This Is What You Want, This Is What You GetPosted: April 22, 2012
One of the discussions that we seem to be having a lot is how the University will change in response to what students want, as we gain more flexibility in delivery and move away from face-to-face (bricks and mortar) to more blended approaches, possibly over distance learning. I’ve blogged a lot about this recently as I think about it but it’s always a lot more interesting to see what my colleagues think about it.
Some of my colleagues are, much like me, expecting things to be relatively similar after everything settles down. Books didn’t destroy academia, libraries didn’t remove the need for the lecturer, the tape recorder only goes so far. Yes, things may change, but we expect something familiar to remain. We’ll be able to reach more people because our learning offerings will accommodate more people.
Then there are people who seem to think that meeting student desire immediately means throwing all standards out the window. Somehow, there’s no halfway point between ‘no choice’ and ‘please take a degree as you leave’.
Of course, I’m presenting a straw man to discuss a straw man, but it’s a straw man that looks a lot like some that I’ve seen on campus. People who are designing their courses and systems to deal with the 0.1% of trouble makers rather than the vast majority of willing and able students.
There’s a point at which student desire can’t override our requirement for academic rigour and integrity. Frankly, there are many institutions out there that will sell you a degree but, of course, few people buy them expecting anything from them because everyone knows what kind of institutions they are. It boggles the mind that the few bad apples who show up at an accredited and ethical academy think that, somehow, only they will get the special treatment that they want and institutional quality will persist.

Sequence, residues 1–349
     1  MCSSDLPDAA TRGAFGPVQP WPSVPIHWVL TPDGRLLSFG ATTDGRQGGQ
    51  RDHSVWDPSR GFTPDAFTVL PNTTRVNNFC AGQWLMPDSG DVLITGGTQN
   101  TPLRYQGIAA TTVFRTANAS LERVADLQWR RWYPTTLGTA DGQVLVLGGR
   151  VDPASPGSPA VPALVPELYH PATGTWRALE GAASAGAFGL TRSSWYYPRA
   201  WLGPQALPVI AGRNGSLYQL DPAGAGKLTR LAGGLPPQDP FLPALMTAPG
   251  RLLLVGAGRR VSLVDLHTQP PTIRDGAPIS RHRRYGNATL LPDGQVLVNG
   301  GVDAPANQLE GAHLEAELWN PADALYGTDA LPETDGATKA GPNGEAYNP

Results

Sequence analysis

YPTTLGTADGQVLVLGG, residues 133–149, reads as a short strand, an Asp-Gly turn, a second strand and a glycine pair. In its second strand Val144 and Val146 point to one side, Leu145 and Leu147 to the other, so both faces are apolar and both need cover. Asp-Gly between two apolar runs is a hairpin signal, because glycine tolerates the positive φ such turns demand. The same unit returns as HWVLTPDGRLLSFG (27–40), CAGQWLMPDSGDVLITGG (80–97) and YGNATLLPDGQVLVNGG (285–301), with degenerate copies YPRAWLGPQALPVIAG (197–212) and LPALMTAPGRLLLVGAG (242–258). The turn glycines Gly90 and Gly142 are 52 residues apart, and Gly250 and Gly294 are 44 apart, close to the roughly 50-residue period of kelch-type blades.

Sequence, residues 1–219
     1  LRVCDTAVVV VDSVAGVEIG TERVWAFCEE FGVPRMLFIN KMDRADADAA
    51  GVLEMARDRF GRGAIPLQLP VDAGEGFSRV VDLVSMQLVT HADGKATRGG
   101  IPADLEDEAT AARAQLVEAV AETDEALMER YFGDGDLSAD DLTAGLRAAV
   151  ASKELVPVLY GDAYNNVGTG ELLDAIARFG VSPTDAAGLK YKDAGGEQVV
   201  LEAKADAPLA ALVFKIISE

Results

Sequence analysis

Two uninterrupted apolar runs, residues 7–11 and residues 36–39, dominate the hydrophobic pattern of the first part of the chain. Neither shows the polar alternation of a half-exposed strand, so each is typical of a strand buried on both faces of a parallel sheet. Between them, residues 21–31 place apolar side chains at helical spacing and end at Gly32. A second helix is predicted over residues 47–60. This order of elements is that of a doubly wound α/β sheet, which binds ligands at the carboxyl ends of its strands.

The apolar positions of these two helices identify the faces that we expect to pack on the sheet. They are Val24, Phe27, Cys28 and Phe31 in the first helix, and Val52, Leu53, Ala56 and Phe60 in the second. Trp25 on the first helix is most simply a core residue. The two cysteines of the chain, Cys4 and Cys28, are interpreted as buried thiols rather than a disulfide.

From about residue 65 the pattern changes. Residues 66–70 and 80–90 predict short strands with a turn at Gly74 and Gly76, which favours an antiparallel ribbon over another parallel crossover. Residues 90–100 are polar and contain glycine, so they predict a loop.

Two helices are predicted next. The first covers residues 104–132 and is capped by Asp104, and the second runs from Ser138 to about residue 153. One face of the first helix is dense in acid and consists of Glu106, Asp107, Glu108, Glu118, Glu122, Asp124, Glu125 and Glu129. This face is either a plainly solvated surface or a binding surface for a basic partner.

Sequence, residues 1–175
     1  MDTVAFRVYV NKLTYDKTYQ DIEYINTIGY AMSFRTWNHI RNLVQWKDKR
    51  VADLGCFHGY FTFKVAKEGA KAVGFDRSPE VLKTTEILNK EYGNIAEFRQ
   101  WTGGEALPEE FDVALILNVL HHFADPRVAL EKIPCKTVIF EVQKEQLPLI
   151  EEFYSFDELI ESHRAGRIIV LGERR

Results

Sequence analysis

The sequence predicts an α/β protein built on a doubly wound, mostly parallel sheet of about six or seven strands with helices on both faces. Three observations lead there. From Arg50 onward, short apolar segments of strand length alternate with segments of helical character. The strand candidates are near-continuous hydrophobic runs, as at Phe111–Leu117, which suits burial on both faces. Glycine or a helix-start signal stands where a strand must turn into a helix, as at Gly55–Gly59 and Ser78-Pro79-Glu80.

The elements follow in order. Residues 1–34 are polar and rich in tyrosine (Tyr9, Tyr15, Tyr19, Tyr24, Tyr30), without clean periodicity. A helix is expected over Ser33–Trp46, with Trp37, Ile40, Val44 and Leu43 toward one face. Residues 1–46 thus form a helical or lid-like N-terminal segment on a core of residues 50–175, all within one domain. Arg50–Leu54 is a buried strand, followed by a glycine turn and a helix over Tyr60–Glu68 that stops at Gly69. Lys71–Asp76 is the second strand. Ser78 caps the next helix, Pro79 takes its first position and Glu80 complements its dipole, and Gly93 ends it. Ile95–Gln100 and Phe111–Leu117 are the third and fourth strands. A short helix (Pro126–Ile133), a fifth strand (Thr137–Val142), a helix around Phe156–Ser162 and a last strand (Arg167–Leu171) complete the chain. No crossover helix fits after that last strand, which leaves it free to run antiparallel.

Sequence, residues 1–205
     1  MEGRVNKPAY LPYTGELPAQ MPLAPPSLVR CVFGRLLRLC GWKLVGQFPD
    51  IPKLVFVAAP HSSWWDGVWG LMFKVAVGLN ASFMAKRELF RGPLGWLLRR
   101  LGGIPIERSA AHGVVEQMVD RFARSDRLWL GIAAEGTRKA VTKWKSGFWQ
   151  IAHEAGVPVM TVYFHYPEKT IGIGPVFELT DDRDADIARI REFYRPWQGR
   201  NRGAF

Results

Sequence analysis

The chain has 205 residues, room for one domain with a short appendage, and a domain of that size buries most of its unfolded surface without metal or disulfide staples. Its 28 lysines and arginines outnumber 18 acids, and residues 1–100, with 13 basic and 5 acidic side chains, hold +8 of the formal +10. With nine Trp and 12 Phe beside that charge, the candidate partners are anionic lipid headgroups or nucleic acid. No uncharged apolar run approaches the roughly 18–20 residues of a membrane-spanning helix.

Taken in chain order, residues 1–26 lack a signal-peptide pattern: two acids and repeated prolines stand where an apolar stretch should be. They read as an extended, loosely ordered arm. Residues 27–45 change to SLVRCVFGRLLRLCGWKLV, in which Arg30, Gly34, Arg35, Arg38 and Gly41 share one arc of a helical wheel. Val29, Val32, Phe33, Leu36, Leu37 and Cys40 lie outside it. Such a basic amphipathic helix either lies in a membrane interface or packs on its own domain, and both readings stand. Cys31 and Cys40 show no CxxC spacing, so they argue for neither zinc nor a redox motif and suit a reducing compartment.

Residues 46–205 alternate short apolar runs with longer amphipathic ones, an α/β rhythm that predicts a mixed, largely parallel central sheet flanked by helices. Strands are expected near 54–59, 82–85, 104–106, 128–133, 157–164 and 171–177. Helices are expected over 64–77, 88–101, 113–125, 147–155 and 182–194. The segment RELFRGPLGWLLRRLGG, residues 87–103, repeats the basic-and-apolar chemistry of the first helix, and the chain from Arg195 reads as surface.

I have to work out what my students need from me and my University – based on what we told them we could do, what we can actually do (which is usually more than that) and what the student has the potential to do (which is usually more than they think they can do, once we’ve made them think about things a bit). There are many things that a student might want us to do, and we’ll have more flexibility for doing that in the future, but what they want isn’t always what they get. Sometimes, you get what you need.
(If you don’t have the Stones in your head right now, it’s time to go and buy some records.)